With that said, all is not lost. The Celtics remaining schedule is tough, with 15 of their remaining 22 games coming against playoff teams, a situation the team has failed in consistently this season (Boston is only 6-24 against playoff teams thus far), and the team has lost nearly all of their depth from earlier this year (Courtney Lee and Jordan Crawford traded, Gerald Wallace and Kelly Olynyk injured). So as much as the signs may be pointing to a slip in the Celtics position, I wouldn't give up hope so quickly.
T-5. Lakers, 20-39 (HLO: 9.9% - 4th)
Since December 20th, here is the full list of teams the Lakers have beaten:
So over the last 70 or so days, the Lakers have beaten precisely one team not on the Wiggins Watch list. Which is concerning when you consider that only six of their remaining 23 games are against fellow Wiggins Watch teams, and a whopping 15 of those 23 are against Western Conference playoff contenders (eight playoff teams plus Minnesota/Memphis).
In short, the Lakers are #4 in the Hollinger odds for a reason. They're old, injured, can't beat good teams, and happen to play two-thirds of their remaining games against good teams. Look out below.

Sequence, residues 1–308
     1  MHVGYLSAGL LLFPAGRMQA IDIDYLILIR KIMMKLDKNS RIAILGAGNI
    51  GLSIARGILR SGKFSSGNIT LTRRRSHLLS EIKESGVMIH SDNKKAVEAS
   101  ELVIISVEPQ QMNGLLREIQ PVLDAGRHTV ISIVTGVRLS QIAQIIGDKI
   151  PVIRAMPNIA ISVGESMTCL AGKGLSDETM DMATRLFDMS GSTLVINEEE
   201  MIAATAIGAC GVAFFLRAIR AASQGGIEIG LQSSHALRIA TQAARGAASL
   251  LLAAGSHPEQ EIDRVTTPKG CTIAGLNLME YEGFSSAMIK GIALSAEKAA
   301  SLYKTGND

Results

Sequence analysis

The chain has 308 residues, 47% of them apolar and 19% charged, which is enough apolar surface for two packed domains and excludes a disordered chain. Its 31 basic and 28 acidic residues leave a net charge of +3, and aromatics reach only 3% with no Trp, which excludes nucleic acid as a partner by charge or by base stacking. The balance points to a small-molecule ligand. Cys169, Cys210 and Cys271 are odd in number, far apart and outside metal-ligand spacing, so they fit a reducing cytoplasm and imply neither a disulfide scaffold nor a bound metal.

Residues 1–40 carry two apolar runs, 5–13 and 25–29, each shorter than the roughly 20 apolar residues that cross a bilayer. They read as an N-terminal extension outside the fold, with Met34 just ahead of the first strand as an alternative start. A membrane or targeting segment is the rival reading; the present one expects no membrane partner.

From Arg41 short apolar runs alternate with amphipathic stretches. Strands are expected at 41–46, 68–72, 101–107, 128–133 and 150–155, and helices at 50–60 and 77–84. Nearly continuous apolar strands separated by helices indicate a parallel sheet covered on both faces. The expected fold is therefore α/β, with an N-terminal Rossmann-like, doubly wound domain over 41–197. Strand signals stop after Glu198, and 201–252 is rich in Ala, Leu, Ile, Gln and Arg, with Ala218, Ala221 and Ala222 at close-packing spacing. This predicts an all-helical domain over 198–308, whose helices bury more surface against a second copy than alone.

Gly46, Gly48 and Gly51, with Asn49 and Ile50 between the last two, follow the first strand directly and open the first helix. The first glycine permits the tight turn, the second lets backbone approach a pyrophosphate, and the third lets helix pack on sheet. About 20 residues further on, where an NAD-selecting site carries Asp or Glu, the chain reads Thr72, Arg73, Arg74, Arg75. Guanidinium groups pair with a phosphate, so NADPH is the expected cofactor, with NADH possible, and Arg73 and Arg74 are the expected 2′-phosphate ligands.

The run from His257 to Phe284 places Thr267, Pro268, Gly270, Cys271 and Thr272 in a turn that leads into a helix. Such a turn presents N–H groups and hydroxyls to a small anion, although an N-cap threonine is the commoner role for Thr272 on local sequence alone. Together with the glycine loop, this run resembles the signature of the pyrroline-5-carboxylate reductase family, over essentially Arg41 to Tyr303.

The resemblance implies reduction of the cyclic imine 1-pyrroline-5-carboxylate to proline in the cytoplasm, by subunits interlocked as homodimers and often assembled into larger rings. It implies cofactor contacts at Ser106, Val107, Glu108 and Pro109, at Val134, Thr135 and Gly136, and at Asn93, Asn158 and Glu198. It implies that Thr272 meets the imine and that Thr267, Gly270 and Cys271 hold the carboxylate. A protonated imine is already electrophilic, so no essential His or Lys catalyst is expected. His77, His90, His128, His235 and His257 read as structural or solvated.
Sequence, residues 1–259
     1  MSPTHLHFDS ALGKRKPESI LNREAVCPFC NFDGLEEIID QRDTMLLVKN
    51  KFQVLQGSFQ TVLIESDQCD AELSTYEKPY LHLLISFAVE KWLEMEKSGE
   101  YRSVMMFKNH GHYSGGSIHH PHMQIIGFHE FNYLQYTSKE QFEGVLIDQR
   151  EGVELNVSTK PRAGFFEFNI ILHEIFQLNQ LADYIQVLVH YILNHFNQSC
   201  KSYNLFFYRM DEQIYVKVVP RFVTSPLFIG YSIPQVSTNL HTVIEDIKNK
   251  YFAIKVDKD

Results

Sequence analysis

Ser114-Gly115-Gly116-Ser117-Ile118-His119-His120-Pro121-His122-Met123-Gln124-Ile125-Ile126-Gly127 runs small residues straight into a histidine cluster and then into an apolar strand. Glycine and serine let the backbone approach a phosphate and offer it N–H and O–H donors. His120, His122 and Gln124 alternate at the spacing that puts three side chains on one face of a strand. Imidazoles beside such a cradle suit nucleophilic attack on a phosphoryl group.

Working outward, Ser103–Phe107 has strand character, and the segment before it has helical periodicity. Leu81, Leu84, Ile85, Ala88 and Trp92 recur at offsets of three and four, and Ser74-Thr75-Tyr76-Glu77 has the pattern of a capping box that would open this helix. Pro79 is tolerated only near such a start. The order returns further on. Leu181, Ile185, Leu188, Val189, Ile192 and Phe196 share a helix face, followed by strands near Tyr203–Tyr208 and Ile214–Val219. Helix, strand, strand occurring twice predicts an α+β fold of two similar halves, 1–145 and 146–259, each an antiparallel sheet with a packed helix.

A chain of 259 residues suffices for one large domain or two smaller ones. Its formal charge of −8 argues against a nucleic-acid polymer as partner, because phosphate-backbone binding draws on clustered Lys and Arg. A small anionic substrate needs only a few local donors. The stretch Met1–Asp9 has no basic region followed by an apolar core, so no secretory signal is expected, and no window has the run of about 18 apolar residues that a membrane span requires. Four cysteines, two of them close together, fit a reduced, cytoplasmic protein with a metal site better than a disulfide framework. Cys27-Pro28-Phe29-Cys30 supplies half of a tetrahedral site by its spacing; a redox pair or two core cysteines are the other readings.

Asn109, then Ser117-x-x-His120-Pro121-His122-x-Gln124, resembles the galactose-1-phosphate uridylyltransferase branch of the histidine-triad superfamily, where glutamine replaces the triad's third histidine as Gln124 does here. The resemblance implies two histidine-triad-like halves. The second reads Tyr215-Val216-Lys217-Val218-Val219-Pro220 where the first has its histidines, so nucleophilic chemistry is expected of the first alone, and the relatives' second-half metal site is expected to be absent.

T-5. Kings, 20-39 (HLO: 5.5% - 7th)
For awhile I said "there's just too much talent on this team for them to finish bottom-five" -- and I truly still believe that. But, as I said above, we're getting to the point of the season where "want" and chemistry is nearly as important as talent. We've seen it with the Knicks, who clearly have more talent than what they've been showing lately, and we've seen it with the Bulls, who have no business being the three-seed in the East.
And we may be seeing it with the Kings. DeMarcus Cousins has been particularly crazy lately, barely escaping ejection agains the Celtics, and then failing to do the same agains the Rockets. The latter resulted in a one game suspension, which cost the Kings in a close loss against the Lakers (or cost the Lakers if you're looking at it that way).
Sacramento has a plethora of offensive talent, but their roster appears toxic. No one can reign in Cousins, and the team is as undisciplined as any in the league. They badly need a new coach, and probably a roster enema, neither of which are likely before season's end. Therefore, the Kings have emerged as a legit threat to chase down anyone not named the Bucks or Sixers.
7. Nuggets, 25-33 (also own the 21-39 Knicks' pick) (HLO: 7.3% - 6th)
God damn it, Knicks. You couldn't have (somewhat) held it together for a few more weeks?
The Knicks are a burning dumpster fire of awfulness, fresh off of three national TV ass-whoopings in the past four days, falling to within one game of the Celtics for the #4 spot. It's rather amazing when you consider the team has returned nearly all of last season's 54-win club this year, but their roster of malcontents and selfish iso players has imploded over the past couple of weeks.